Pursuant to this plan, the Showells paid $65,000 into the escrow account but fell behind in their payments. The parties then negotiated a new arrangement. On October 15, 1991, Butler released back to the Showells the $65,000 that had been held in escrow; the Showells then issued three checks: one for $100,000 payable to Butler, and two others, for $100,000 and $150,000 respectively, payable to James Adkins, an associate of Butler who had acquired an interest in the funeral home. Butler did not report any of these transactions to the bankruptcy trustee or his creditors.

Butler used the funds realized from the first $100,000 check, payable to him, for personal expenses; Adkins kept the funds from the second $100,000 check. The government alleged that Butler fraudulently concealed from the bankruptcy trustee the funds derived from both of these checks.

With respect to the remaining $150,000 check, Butler was alleged to have both concealed these funds from the bankruptcy trustee and laundered them. Upon receipt of this check, Butler caused Adkins to endorse it and transfer it to him. Butler then gave the check to Father Edward Miller, a trusted friend. Father Miller, apparently unaware of the origins of the check, held the funds realized from this check on Butler's behalf in bank accounts for over a year.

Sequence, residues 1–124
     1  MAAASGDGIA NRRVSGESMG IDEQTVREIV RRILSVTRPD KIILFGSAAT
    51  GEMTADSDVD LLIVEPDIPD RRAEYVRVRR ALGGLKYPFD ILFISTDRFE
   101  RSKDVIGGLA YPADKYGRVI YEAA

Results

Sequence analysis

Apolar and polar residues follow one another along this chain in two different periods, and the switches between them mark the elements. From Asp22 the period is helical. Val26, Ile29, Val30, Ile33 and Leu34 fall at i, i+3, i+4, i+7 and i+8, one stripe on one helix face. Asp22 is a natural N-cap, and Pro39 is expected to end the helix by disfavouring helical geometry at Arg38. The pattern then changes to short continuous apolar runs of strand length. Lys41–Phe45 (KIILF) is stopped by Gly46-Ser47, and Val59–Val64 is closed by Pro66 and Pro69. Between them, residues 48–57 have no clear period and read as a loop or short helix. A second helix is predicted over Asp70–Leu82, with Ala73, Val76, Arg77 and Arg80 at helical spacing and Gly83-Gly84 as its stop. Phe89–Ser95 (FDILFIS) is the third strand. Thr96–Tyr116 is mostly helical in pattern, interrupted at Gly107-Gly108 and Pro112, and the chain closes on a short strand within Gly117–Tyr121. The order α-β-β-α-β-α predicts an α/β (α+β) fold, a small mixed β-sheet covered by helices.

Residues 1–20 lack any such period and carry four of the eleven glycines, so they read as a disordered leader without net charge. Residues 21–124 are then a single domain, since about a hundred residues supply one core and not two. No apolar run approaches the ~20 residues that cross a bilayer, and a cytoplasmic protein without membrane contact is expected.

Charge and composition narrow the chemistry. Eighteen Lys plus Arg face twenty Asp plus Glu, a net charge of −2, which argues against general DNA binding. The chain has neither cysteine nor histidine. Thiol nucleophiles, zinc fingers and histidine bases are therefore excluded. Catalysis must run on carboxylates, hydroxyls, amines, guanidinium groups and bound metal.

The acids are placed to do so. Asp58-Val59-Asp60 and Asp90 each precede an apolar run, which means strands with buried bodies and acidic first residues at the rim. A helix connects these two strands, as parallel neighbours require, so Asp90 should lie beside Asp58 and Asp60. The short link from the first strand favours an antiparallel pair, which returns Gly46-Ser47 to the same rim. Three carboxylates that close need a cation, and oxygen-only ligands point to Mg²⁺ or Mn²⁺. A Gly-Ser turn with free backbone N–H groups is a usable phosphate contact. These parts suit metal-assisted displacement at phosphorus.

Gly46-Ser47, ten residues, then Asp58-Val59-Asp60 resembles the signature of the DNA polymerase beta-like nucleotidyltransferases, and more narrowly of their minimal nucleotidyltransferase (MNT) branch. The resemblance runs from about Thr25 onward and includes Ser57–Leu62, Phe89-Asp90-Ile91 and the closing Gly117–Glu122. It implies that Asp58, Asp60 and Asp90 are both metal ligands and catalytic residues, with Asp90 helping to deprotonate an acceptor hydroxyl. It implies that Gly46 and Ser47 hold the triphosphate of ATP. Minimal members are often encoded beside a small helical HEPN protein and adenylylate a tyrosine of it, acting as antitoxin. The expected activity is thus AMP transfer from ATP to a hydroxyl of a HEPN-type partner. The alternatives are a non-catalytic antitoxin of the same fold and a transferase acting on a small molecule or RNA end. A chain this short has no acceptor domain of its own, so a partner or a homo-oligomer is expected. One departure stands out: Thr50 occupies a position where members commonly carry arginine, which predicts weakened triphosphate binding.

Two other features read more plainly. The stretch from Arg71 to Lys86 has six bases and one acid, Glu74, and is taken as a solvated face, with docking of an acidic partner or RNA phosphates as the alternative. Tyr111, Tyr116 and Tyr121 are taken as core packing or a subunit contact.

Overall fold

Between September 1992 and January 1993, Butler directed Father Miller to draw on the $150,000 in order to purchase four cashier's checks payable to Bishop Randolph Caines, a Philadelphia pastor and associate of Butler. These four transactions constitute the basis for Counts II through V of the indictment, which charge Butler with aiding and abetting money laundering in violation of 18 U.S.C. § 1957. Bishop Caines used a substantial portion of the money to open an account, over which Butler had control, at First Fidelity Bank in Philadelphia. In April 1993, Butler directed Alice Tatum, Bishop Caines' assistant, to purchase a cashier's check payable to"S. Lee Martin." This transaction became the basis for Count VI of the indictment, also charging Butler with aiding and abetting money laundering. The government alleges that the funds represented by this last check were eventually used to purchase a lien on Butler's house.

Count I of the indictment charges that, from on or about the date of the Rhema-Showell settlement until 1995, Butler fraudulently concealed from the bankruptcy estate the entire $350,000 received from the settlement.

Butler's first trial ended in a hung jury, but his second trial resulted in convictions on all six counts.


Butler contends that we must reverse his convictions for money laundering because the funds used to purchase the five cashier's checks involved...